Following over 80 American deaths and hundreds of illnesses attributed to contaminated heparin derived from pig intestines processed in China, chemist Robert J. Linhardt is making the blood-thinner heparin without using animal tissue.
Conventional heparin is often made in small workshops in China, which contributes to contamination, according to Linhardt, who is a professor of chemistry, biology, and chemical engineering at Rensselaer Polytechnic Institute in Troy, New York. “Our group has been working on understanding heparin biosynthesis for almost 30 years,” he said. “We are working on what might be the next generation of heparin production, with no animal source.” Pig intestines are the traditional manufacturing source for heparin.
Although synthetic heparin has been made in the recent past, it was only manufactured in microscopically small amounts. Linhardt is scheduled to speak Sunday at the American Chemical Society annual meeting, in Philadelphia and described a new method of heparin biosynthesis that has produced amounts measured in milligrams. Linhardt hopes that production can be dramatically increased. The process starts with a polysaccharide, a chain of carbohydrate units, extracted from the bacterium E. coli. “We treat it to reduce the molecular size, then subject it to enzymatic steps to convert it to heparin,” he explained. “We use recombinant enzymes that are part of the natural pathway for heparin synthesis.” The challenge is in “scaling up the process so it is commercially viable,” Linhardt said. “We are now working with one liter amounts. There are million-liter fermenters. We have to scale up three orders of magnitude, which is pretty daunting but not impossible.”
Heparin is administered via injection and is used to prevent blood clotting during heart surgery, kidney dialysis, and other procedures. With a fully synthetic form of heparin, the sort of contamination seen this past year would be a thing of the past, Linhardt said. Linhardt’s group received funding from the U.S. National Institutes of Health (NIH). “It’s too early to approach a pharmaceutical company,” he said. “We have talked to a number of them. They all are interested in the approach but want to wait.”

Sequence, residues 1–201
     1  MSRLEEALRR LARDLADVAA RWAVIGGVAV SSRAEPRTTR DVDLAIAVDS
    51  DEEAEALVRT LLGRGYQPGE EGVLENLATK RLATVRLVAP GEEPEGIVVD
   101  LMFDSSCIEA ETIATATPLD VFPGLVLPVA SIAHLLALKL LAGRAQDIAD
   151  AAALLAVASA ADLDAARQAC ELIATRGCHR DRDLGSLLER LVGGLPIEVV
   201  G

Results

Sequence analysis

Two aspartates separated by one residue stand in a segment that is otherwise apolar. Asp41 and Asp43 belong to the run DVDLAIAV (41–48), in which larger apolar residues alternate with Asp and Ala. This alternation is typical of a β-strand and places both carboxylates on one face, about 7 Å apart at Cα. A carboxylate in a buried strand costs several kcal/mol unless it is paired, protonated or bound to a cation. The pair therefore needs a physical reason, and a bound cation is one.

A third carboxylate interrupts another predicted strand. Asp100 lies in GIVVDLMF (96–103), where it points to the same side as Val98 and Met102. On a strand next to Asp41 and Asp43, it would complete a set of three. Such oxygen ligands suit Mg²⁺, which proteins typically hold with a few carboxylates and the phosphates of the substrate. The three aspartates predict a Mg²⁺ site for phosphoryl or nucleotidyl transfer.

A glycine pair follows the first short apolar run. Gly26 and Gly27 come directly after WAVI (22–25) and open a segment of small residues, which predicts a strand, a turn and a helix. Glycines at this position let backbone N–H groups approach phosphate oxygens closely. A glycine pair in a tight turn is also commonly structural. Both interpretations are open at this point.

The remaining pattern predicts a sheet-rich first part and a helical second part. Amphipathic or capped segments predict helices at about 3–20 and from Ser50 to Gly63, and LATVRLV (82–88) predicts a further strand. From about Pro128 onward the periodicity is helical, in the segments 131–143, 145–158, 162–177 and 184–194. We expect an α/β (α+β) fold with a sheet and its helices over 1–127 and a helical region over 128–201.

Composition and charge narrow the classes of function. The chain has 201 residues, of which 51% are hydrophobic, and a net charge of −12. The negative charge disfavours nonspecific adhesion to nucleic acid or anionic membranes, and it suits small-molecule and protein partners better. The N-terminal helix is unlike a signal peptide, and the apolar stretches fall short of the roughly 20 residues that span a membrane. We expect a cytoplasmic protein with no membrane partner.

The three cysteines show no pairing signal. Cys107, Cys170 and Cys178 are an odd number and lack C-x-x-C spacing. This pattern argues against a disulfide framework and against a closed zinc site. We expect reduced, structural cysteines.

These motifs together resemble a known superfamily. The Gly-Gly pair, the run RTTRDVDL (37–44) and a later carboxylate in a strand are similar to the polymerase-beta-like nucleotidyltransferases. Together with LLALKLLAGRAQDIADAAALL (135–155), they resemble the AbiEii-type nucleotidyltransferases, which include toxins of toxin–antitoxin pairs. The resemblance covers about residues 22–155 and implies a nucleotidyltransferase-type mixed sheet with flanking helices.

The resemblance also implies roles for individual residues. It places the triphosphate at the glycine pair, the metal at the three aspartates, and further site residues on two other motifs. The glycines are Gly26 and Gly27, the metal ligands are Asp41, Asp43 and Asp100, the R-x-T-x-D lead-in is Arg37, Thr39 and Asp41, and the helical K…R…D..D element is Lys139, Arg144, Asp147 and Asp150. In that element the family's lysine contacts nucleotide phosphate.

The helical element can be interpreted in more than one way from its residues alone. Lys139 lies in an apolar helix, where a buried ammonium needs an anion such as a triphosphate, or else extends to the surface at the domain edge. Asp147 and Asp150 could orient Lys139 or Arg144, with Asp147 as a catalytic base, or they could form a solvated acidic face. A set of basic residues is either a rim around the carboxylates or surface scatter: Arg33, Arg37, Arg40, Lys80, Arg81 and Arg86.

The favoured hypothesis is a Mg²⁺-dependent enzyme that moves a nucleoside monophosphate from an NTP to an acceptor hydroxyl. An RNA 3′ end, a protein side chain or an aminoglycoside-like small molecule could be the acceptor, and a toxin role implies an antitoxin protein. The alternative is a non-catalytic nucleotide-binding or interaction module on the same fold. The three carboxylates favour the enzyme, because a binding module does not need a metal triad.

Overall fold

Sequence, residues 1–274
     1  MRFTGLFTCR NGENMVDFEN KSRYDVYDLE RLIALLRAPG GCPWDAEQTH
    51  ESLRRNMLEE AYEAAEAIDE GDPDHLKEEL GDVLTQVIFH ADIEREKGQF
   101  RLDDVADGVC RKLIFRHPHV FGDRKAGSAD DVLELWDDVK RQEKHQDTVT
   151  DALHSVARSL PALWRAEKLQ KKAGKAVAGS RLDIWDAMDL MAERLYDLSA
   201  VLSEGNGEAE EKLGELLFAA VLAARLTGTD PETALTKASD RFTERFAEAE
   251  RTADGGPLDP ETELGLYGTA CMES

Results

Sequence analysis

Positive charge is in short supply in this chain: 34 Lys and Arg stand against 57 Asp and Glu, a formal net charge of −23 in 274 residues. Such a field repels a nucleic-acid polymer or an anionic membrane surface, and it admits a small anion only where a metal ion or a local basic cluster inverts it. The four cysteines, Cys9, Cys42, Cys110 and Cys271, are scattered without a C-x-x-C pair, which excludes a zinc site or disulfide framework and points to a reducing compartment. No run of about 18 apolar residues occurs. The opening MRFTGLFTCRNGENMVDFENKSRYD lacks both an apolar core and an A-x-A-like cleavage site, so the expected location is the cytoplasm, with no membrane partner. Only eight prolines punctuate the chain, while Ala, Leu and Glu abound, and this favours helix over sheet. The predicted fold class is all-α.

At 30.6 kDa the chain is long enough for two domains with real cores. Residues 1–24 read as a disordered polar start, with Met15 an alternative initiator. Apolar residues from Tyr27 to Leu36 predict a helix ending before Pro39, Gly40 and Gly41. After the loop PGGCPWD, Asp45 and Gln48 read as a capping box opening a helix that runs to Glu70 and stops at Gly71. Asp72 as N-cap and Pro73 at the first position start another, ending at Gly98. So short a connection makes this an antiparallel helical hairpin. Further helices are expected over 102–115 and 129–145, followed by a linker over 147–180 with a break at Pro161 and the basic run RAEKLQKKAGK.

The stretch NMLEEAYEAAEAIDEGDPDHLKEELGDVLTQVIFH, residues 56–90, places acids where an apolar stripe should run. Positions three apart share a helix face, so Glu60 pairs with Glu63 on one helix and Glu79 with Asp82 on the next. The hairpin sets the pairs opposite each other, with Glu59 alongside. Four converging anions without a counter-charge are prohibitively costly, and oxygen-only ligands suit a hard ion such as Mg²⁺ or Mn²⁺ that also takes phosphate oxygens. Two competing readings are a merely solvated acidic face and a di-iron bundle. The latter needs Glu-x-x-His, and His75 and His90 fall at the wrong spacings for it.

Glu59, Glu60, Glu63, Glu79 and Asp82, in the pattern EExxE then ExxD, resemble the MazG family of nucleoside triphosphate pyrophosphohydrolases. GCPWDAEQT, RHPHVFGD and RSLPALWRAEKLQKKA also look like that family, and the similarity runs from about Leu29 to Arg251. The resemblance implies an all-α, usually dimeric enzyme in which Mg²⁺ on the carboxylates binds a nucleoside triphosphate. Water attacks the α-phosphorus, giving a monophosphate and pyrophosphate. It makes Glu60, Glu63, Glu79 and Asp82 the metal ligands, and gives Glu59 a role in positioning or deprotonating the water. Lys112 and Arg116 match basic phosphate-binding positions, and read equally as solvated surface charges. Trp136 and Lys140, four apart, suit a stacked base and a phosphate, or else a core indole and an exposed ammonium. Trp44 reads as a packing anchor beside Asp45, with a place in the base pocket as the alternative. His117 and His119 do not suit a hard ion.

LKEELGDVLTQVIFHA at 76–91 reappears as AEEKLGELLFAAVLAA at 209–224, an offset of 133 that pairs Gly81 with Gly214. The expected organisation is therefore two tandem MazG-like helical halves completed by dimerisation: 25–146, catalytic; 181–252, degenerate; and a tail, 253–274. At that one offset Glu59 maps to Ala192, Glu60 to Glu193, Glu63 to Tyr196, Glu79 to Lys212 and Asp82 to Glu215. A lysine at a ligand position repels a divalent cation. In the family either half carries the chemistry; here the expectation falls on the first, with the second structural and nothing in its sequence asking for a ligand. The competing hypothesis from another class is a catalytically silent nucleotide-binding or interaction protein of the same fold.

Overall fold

Linhardt said he is aware that there are several drugs designed to replace not only heparin, but also the widely used clot-preventing medication Coumadin. Such medications are in clinical trials in Europe, with some already approved for medical use. “I won’t deny there’s competition,” Linhard said. “But those drugs are a thousand times more expensive than heparin. Also, they are not as good as heparin. It has multiple activities, many of which benefit patients. Those drugs are very specific. They work well only for a small number of applications.” Synthetic heparin could cost no more than the animal-derived product, Linhardt said. “We believe that the heparin market is here to stay,” he said.
Meanwhile, in March, the Food and Drug Administration (FDA) confirmed it found oversulfated chondroitin sulfate in samples of the active ingredient used in Baxter-supplied heparin. The FDA said the chondroitin sulfate was molecularly changed to mimic heparin’s blood-clotting properties and was supplied to Baxter by Changzhou SPL, a Chinese plant partially owned by Wisconsin-based Scientific Protein Laboratories.